BY BETSY STREISAND
"[S]ince 1986, car travel has increased almost 40 percent, while highway capacity has barely grown," and "Gridlock costs Americans roughly the equivalent of $51 billion a year in lost wages and wasted fuel...the situation is only going to get worse."
The author suggests that a possible remedy is "peak-period pricing," which means charging drivers for access to highways during peak times.
"This simple idea (peak-load pricing) isn't new. But it hasn't been adopted on a single public road because politicians know it would be career suicide to force Americans to pay for something they've long had for free. Instead, they embrace solutions that are more politically palatable than they are effective. They include:
Building more roads. Sounds good. But additional roads inevitably produce what traffic expert Anthony Downs in his book Stuck in Traffic calls "triple convergence." More commuters come--from other roads, from mass transit and from new developments. Soon, the new roads are as crowded as the old. Los Angeles is a monument to this phenomenon.
Bolstering mass transit. Even if Americans could learn to rely on buses and trains--and that's a huge if--workplaces are now so spread out in the suburbs that connecting all the dots with buses or other transports in affordable and convenient routes is nearly impossible. This makes perfect sense. Suburbs were designed with drivers in mind. If the number of mass-transit users miraculously doubled, they still would constitute only 10 percent of commuters.
Developing "smart cars" and highways. The federal government is spending millions a year to develop an intelligent-vehicle highway system. It would involve a network of road sensors and computers that would feed traffic information to car TV screens, warning of trouble spots. Sounds impressive, in a Jetsons sort of way. But its limitations are obvious: Drivers will head for open roads, relocating but not reducing congestion.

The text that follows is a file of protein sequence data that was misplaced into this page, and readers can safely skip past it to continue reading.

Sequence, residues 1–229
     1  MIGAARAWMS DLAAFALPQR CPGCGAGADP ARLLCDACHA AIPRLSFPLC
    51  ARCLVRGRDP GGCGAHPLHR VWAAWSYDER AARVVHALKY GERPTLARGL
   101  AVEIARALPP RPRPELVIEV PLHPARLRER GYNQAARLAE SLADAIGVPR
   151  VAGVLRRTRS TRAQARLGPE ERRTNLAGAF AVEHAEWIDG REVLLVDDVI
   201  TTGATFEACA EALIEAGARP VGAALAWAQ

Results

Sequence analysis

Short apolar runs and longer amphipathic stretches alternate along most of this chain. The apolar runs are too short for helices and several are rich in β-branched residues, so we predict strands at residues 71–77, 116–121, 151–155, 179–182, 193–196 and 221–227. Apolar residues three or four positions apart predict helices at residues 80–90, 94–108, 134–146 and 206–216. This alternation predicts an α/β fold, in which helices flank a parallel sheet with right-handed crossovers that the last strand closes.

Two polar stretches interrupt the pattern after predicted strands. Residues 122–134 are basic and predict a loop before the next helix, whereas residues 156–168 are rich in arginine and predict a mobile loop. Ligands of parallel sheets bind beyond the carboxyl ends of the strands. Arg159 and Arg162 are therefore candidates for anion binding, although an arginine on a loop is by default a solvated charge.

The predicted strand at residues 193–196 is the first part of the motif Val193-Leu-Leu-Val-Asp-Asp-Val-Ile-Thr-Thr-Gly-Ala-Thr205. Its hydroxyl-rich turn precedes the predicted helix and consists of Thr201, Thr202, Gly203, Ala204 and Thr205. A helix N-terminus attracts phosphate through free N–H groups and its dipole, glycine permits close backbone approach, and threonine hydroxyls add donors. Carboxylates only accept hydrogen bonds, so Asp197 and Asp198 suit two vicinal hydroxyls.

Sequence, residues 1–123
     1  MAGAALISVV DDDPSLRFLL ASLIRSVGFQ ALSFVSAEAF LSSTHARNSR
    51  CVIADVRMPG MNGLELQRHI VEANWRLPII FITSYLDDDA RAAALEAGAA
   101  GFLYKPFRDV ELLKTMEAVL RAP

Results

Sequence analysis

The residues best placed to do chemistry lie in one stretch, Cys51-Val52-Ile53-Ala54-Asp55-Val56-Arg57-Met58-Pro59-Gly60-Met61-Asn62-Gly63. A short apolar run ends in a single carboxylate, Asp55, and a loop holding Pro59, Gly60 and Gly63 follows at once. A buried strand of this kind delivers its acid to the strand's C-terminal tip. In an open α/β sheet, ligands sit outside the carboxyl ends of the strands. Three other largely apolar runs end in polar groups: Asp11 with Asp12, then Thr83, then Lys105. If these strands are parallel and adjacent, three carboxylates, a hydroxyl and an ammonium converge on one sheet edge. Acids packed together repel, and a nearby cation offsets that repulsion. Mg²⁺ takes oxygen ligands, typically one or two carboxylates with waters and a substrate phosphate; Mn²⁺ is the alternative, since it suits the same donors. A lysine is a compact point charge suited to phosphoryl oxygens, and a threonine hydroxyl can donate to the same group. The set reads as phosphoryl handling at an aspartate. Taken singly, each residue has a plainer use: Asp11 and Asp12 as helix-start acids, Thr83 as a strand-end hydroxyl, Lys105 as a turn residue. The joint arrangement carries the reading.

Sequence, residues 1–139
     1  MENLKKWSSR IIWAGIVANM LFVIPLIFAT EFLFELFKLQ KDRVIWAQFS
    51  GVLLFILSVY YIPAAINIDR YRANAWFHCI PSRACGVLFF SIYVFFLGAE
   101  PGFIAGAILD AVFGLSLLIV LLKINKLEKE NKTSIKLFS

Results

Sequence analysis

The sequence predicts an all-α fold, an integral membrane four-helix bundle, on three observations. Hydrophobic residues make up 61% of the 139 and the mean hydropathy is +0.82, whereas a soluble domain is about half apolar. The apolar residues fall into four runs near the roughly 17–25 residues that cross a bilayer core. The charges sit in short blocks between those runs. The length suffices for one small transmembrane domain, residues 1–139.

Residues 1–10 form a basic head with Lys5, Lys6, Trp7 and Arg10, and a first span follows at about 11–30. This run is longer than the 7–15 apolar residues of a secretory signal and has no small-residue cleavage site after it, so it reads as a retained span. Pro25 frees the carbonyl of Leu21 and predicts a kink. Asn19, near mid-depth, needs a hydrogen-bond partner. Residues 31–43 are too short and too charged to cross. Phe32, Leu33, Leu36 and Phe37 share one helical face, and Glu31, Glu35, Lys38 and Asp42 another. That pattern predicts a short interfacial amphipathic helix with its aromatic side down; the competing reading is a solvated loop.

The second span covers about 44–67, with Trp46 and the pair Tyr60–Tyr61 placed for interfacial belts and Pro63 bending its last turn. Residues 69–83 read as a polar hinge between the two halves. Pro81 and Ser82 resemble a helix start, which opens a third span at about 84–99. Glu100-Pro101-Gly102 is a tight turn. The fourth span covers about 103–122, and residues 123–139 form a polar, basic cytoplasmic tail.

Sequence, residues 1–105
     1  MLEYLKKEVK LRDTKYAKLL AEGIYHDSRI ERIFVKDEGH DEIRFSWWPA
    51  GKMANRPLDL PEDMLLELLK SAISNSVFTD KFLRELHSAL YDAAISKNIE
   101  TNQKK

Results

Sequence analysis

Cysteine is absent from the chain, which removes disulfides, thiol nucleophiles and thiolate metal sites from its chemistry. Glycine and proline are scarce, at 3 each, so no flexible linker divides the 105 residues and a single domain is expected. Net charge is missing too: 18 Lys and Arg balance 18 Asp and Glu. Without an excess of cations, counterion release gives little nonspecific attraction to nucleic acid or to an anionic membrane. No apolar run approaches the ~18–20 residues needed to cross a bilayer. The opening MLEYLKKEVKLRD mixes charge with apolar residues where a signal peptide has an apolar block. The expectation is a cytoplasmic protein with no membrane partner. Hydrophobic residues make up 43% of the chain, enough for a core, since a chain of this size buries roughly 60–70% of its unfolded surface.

The story proposes the " more drastic solution of putting a price on the rush-hour commute. Peak-period pricing would turn all major metropolitan arteries into toll roads, with prices high enough to keep traffic moving steadily. During slow times, tolls would be cut or eliminated. Tolls could be collected easily, thanks to new technology that lets sensors read signals from small transponders inside the car. Fees would be debited from prepaid accounts. "
The story has two interesting snippets of data, one is a report on an operating toll road in California which uses peak-load pricing:
"About a year ago, a 10-mile, four-lane, fully automated toll road (the nation's first) replaced the median on the 91 Freeway in Orange County (California), one of the busiest roads in the country. With a peak one-way toll of $2.50, the privately operated 91 Express Lanes are some of the most expensive 10 miles of road to travel in the United States. Yet they attract roughly 30,000 cars a day and have produced some surprising results.
Rather than becoming "Lexus Lanes" for well-off commuters, as expected, express lanes are a mirror of the freeway as a whole, attracting drivers from all income brackets, according to surveys by the California Private Transportation Co., which built the $126 million road. For many working parents, a $2.50 toll is preferable to steep overtime charges for day care. The fast lanes also are popular with independent contractors and other workers who are paid by the job. "
IN LOS ANGELES
Here's how much time drivers waste each year sitting in traffic in the nation's most congested cities.
CITY / HOURS LOST
Washington, DC 70
San Francisco--Oakland 66
Los Angeles 65
New York 39
Source: Texas Department of Transportation